Authors
Yao, J; Kaberniuk, AA; Li, L; Shcherbakova, DM; Zhang, R; Wang, L; Li, G; Verkhusha, VV; Wang, LV
MLA Citation
Yao, J, Kaberniuk, AA, Li, L, Shcherbakova, DM, Zhang, R, Wang, L, Li, G, Verkhusha, VV, and Wang, LV. "Multiscale photoacoustic tomography using reversibly switchable bacterial phytochrome as a near-infrared photochromic probe." Nature methods 13.1 (January 2016): 67-73.
Website
http://hdl.handle.net/10161/12772
PMID
26550774
Source
epmc
Published In
Nature Methods
Volume
13
Issue
1
Publish Date
2016
Start Page
67
End Page
73
DOI
10.1038/nmeth.3656

High-speed label-free functional photoacoustic microscopy of mouse brain in action.

We present fast functional photoacoustic microscopy (PAM) for three-dimensional high-resolution, high-speed imaging of the mouse brain, complementary to other imaging modalities. We implemented a single-wavelength pulse-width-based method with a one-dimensional imaging rate of 100 kHz to image blood oxygenation with capillary-level resolution. We applied PAM to image the vascular morphology, blood oxygenation, blood flow and oxygen metabolism in both resting and stimulated states in the mouse brain.

Authors
Yao, J; Wang, L; Yang, J-M; Maslov, KI; Wong, TTW; Li, L; Huang, C-H; Zou, J; Wang, LV
MLA Citation
Yao, J, Wang, L, Yang, J-M, Maslov, KI, Wong, TTW, Li, L, Huang, C-H, Zou, J, and Wang, LV. "High-speed label-free functional photoacoustic microscopy of mouse brain in action." Nature methods 12.5 (May 2015): 407-410.
Website
http://hdl.handle.net/10161/12773
PMID
25822799
Source
epmc
Published In
Nature Methods
Volume
12
Issue
5
Publish Date
2015
Start Page
407
End Page
410
DOI
10.1038/nmeth.3336

Photoacoustic microscopy: superdepth, superresolution, and superb contrast.

Since its invention in the 17th century, optical microscopy has revolutionized biomedical studies by scrutinizing the biological realm on cellular levels, taking advantage of its excellent light-focusing capability. However, most biological tissues scatter light highly. As light travels in tissue, cumulative scattering events cause the photons to lose their original propagation direction and, thus, their ability to be focused, which has largely limited the penetration depth of optical microscopy. Conventional planar optical microscopy can provide penetration of only ~100 ?m before photons begin to be scattered. The penetration of modern optical microcopy, such as confocal microscopy and multiphoton microscopy, is still limited to approximately the optical diffusion limit (~1 mm in the skin as approximated by one optical transport mean free path), where scattered photons retain a strong memory of the original propagation direction. So far, it still remains a challenge for pure optical methods to achieve high-resolution in vivo imaging beyond the diffusion limit (i.e., superdepth imaging).

Authors
Yao, J; Song, L; Wang, LV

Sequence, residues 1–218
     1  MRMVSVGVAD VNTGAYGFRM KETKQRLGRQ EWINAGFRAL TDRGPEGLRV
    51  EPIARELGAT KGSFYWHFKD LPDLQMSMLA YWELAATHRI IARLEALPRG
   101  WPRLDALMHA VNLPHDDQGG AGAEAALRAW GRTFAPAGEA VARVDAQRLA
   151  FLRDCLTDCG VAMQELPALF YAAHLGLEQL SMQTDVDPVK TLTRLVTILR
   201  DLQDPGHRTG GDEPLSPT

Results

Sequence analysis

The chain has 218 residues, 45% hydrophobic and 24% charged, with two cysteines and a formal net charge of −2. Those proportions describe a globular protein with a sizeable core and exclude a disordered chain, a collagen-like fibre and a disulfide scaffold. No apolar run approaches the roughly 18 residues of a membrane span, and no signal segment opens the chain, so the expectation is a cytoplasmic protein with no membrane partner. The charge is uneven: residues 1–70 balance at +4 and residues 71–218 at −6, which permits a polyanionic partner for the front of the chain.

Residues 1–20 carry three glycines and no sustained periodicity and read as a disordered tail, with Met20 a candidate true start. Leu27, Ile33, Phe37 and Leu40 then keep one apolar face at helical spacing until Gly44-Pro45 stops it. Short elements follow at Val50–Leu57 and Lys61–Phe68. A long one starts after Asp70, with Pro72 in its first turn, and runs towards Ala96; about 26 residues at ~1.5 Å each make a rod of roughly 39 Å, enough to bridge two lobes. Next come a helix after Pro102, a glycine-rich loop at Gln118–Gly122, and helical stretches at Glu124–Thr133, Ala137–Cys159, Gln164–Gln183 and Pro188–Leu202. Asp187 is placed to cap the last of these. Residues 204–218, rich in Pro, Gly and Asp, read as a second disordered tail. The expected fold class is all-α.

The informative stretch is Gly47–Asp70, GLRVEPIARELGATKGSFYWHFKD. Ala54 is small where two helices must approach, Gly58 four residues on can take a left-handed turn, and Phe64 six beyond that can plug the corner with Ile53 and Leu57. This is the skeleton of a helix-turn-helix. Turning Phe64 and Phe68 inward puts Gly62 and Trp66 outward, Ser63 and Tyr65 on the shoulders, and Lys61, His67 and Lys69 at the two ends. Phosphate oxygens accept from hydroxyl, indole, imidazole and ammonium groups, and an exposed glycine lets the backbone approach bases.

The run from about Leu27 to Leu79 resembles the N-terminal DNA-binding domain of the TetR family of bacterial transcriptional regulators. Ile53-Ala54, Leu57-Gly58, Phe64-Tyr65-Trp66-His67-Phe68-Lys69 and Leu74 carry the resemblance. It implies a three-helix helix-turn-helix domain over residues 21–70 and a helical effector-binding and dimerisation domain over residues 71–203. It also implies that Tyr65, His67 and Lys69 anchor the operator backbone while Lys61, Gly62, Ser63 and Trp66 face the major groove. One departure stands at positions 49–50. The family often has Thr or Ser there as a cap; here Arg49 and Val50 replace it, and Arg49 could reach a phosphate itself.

MLA Citation
Yao, J, Song, L, and Wang, LV. "Photoacoustic microscopy: superdepth, superresolution, and superb contrast." IEEE pulse 6.3 (May 2015): 34-37.
PMID
25974913
Source
epmc
Published In
IEEE Pulse
Volume
6
Issue
3
Publish Date
2015
Start Page
34
End Page
37
DOI
10.1109/mpul.2015.2409100

Fast functional photoacoustic microscopy of mouse brain

© OSA 2015. We have developed fast functional photoacoustic microscopy (ffPAM). which can be utilized for three-dimensional morphological, functional, flow dynamic and metabolic mouse brain imaging through an intact skull with endogenous contrast only.

Authors
Yao, J; Yang, JM; Waiig, L; Zou, J; Waug, LY
MLA Citation
Yao, J, Yang, JM, Waiig, L, Zou, J, and Waug, LY. "Fast functional photoacoustic microscopy of mouse brain." January 1, 2015.
Source
scopus
Published In
Optics and the Brain, BRAIN 2015
Publish Date
2015

Photoacoustic imaging of single circulating melanoma cells in vivo

© 2015 SPIE. Melanoma, one of the most common types of skin cancer, has a high mortality rate, mainly due to a high propensity for tumor metastasis. The presence of circulating tumor cells (CTCs) is a potential predictor for metastasis. Label-free imaging of single circulating melanoma cells in vivo provides rich information on tumor progress. Here we present photoacoustic microscopy of single melanoma cells in living animals. We used a fast-scanning optical-resolution photoacoustic microscope to image the microvasculature in mouse ears. The imaging system has sub-cellular spatial resolution and works in reflection mode. A fast-scanning mirror allows the system to acquire fast volumetric images over a large field of view. A 500-kHz pulsed laser was used to image blood and CTCs. Single circulating melanoma cells were imaged in both capillaries and trunk vessels in living animals. These high-resolution images may be used in early detection of CTCs with potentially high sensitivity. In addition, this technique enables in vivo study of tumor cell extravasation from a primary tumor, which addresses an urgent pre-clinical need.